Film, in general, is a very booming industry, with films being released every week from every part of the world. There are many sites on the internet that are specially made for film enthusiasts, from discussing film theories to film techniques, there is always something for everyone. Hollywood is known for its non-stop and high-quality films, but Chilean films are also on the rise with beautiful cinematography and well-written plot. Here are some things you need to know about Chilean Film.
Since most films today can be streamed online, streaming services like Netflix and Hulu are making profits over original films. One of Netflix best films, “Marriage Story” even won six Academy Awards in the year 2020. Of course, the most important thing to have when binge-watching films on streaming services are to have the best internet. Unifi Malaysia provides that and more with its variety of packages that promise high-speed and unlimited internet for everyone.
Cinema Of Chile
All films produced in Chile or made by Chileans are referred to as Chilean cinema. It began in the early twentieth century, with the first Chilean film screening in 1902 and the first Chilean feature film being released in 1910. El Hsar de la Muerte (1925) is the oldest surviving film, while Patrullas de Avanzada (1931) was the last silent film. Despite certain box-office hits such as El Diamante de Maharajá, the Chilean cinema industry suffered in the late 1940s and early 1950s. With films like Three Sad Tigers (1968), Jackal of Nahueltoro (1969), and Valparaiso mi Amor (1969), the “New Chilean Cinema” emerged in the 1960s.
Film output was poor after the 1973 military takeover, with many directors working in exile. It grew after Pinochet’s rule ended in 1989, with rare critical and/or popular triumphs including Johnny cien pesos (1993), Historias de Ftbol (1997), and Gringuito (1998). Films like El Chacotero Sentimental: la Pelicula (1999), Sexo con Amor (2003), Sub Terra (2003), and Machuca (2004) had more box office success in the late 1990s and early 2000s, but were overtaken by Stefan vs Kramer (2012) and Sin filtro (2016).
The Transition of Cinema Post-Dictatorship
Many artists and filmmakers who had escaped abroad returned when Pinochet eventually stepped down in 1990, eager to share their stories of exile and hardship. However, not everyone in Chile was interested in hearing it. What the Argentines named “El Destape” (The Opening) became known in Chile as “The Transition.” The first signals of a rebirth in the film industry appeared in the 1990s. The ‘Festival of Re-Encounters’ during the Third International Film Festival in Via del Mar became known as the ‘Festival of Re-Encounters,’ as films by exiled directors were presented for the first or second time.
As a result, filmmakers began to address the dictatorship’s legacy, none more wonderfully than Patricio Guzmán, with the first instalment of his trilogy Nostalgia For The Light (2010). This mild yet highly touching film uses metaphor as well as real documentary evidence to explore prior experiences. Everything is memory, as relatives scour the stones of the Atacama Desert for bits of their gone ancestors, and as stargazers examine the heavens for information of the past. As a result, we have poetry that is both hard-hitting and incredibly beautiful, as well as one of Chile’s most emotional films.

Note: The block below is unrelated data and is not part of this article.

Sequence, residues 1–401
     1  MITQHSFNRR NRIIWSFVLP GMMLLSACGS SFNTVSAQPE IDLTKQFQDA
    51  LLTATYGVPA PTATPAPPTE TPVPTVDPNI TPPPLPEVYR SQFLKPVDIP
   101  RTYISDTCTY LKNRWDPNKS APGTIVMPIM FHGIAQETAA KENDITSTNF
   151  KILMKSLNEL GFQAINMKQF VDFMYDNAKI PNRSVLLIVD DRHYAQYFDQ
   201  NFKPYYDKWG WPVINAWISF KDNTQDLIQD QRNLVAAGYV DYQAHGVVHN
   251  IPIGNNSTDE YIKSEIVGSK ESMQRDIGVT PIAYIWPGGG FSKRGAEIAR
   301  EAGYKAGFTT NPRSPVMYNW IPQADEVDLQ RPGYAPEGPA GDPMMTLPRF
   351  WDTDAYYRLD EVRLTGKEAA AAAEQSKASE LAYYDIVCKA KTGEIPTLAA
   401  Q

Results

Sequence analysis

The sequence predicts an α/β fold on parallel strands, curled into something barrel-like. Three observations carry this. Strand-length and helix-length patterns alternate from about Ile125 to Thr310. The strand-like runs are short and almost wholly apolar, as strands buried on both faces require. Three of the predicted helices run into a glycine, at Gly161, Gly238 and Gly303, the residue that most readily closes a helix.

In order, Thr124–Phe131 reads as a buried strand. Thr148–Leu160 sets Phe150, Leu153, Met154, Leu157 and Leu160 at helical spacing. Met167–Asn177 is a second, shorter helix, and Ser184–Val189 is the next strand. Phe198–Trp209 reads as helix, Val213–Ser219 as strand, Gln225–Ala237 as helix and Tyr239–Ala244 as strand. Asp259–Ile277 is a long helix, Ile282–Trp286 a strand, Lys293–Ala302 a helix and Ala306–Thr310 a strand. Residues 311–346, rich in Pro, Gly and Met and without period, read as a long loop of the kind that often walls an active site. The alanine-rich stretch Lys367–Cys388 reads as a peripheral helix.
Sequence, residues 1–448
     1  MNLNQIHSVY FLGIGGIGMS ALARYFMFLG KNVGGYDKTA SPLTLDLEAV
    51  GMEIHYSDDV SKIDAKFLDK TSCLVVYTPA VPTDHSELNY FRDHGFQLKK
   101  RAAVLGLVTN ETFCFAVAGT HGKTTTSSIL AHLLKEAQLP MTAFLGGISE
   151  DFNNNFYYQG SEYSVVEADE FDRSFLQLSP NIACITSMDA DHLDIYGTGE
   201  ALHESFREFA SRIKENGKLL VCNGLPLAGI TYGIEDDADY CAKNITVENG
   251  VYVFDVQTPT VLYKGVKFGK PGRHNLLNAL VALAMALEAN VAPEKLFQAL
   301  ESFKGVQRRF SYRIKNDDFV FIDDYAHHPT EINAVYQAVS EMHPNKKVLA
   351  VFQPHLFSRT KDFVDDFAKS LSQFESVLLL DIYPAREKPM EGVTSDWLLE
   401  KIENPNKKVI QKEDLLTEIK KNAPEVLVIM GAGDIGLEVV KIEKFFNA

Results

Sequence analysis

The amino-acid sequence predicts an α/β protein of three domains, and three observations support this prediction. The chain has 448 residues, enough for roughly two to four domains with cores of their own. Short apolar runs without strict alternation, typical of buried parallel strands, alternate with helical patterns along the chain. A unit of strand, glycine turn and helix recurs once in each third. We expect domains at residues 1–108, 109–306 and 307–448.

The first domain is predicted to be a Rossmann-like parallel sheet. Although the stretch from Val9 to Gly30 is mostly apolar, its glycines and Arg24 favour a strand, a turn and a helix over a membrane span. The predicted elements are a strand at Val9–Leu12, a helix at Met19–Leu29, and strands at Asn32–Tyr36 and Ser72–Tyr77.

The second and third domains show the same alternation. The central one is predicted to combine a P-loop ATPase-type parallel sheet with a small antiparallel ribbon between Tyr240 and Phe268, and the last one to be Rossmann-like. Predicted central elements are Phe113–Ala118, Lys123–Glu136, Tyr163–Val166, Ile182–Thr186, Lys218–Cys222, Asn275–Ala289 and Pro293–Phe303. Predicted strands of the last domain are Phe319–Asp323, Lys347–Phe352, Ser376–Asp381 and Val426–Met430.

Oscar-worthy Chilean Films
Chile is thriving, and honours are on the way. No (directed by Pablo Larran) was the first Chilean film to be nominated for an Academy Award for Best Foreign Language Film in 2012. Sebastián Lelio’s A Fantastic Woman (2017) is the first film to win it in 2017.
No depicts the tale of the contentious 1988 referendum through the eyes of a young publicist (Gal Garca Bernal), who returns to Chile from exile in Mexico during the height of General Pinochet’s military dictatorship to play a key part in the “No” campaign, which led to the country’s democratization.
Sebastian Lelio’s film A Fantastic Woman, on the other hand, has made a significant influence all over the world. The fact that it won the Academy Award for Best Foreign Language Film was important. In every manner, trans actress Daniela ‘Dani’ Vega’s performance is enthralling and profoundly heartbreaking. When her fiancée dies unexpectedly in the film, she must deal with the prejudiced ramifications hurled at her by his family, leading to a tragic rediscovery.
A new generation of young filmmakers is now on the rise. These are post-Pinochet generation young creatives who have never known dictatorship. They’re bringing new issues, with topics growing more diversified and global, and less fixed on specific previous experiences in some respects. Other existential values have begun to emerge, such as those in Matas Bize’s In Bed (2005) and Saturday (2002), with themes of alienation, solitude, loneliness, consumerism, trans difficulties, and more. Despite this, the historical legacy persists and pervades practically all works on a subconscious level, with some filmmakers attempting to help people ‘digest’ the past by exposing them to horrors on screen.